Anxiety rises: Homeowners brace for rising water aggravated by high winds

May 20, 2019 11:31 PM

SODUS POINT, N.Y. (WHEC) -- Homeowners along Lake Ontario braced for rising water aggravated by high winds Monday night as the lake approached levels last seen during damaging flooding in 2017. 

"There's not much you can do," said Damian Weidmann of Sodus Point as he checked a new gravel berm covered in plastic and sandbags that stood between his house and the rising water. "You're just waiting it out at this point, hoping that it doesn't get worse, hoping that it only rises a couple of inches and is not six or nine inches, or a foot."


Gravel berms, walls of plastic-wrapped sandbags and water-filled plastic aqua dams encircled neighborhoods around Sodus Point while numerous heavy duty pumps sucked water from low spots limiting flooding on local streets to a few big puddles.

Earlier on Monday, Gov. Cuomo declared a state of emergency in Cayuga, Jefferson, Monroe, Niagara, Orleans, Oswego, St. Lawrence and Wayne counties, which he promised would expedite the deployment of resources like the water barriers and lift red tape so homeowners could do work on their property to limit damage from possible flooding.

Cuomo vowed to take lessons from lakeshore flooding in 2017, so resources and preparation could be better targeted.

"We know where it's coming," Cuomo said. "And we know what we need to do to move it with the caveat that… some of these things are unavoidable. Just because of the force of the water etc. But you do the best you can."

Preparations inevitably included complaints about the International Joint Commission and its Plan 2014 to regulate lake levels, which lakeshore communities blamed for the floods of 2017 and blamed again for current high lake levels.

"This is all man-made," declared an exasperated Wayne DePew, whose backyard was again dominated by a plastic encased wall of sandbags and who installed three pumps to drain the crawl space under his home. "It's not global warming. It's because of 2014."

DePew pointed to the discoloration line on his boathouse left by high lake levels in 2017, a line that stood only a few inches above the current water line.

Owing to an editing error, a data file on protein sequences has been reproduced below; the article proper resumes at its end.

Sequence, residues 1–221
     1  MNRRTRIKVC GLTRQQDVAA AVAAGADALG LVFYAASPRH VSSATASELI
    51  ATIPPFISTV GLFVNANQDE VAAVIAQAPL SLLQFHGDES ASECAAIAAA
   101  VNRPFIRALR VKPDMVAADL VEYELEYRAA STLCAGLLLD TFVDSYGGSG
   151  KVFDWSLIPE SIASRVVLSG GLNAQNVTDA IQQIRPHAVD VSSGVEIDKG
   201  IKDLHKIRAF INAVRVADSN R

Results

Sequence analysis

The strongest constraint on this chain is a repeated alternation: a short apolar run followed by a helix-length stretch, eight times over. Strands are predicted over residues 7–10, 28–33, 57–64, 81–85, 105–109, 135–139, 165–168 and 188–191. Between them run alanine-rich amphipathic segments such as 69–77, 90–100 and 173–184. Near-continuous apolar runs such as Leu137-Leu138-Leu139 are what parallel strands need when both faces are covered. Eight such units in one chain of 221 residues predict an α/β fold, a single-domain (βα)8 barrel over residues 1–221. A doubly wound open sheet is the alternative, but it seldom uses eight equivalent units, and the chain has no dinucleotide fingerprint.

Cuomo also blasted the IJC for failing to lower lake levels months ago when more water could have been released without causing downstream flooding in parts of Canada.

"I've said to them 100 times 'I don't know why you don't release more water earlier,'" he said, 'because whatever of the inconvenience there, it can't be as bad as flooding thousands of peoples' homes. And that was 2017, thousands of peoples' homes. Even now, you've done incredible damage."

The new head of the American delegation to the IJC former Erie County Assemblywoman Jane Corwin was only confirmed last week.In a conversation with News10NBC, she said that after a critical reevaluation, now underway, some changes in lake level policy might be possible.

"We have to get together and we have to get all the commissioners together to decide what needs to happen," she said. "And we are doing that. I know it's not going to be fast enough for what's happening today in peoples' backyards and I appreciate that. And I'm sorry for that."

Any policy discussion, she said, couldn't even begin until the new American delegation and the new Canadian delegation meet. As of Monday, their first meeting still had not taken place.

"If we get six to eight-foot waves out there, they're going to be getting here," said DePew, pointing to his yard and his home. "We're going to get wet."


Charles Molineaux

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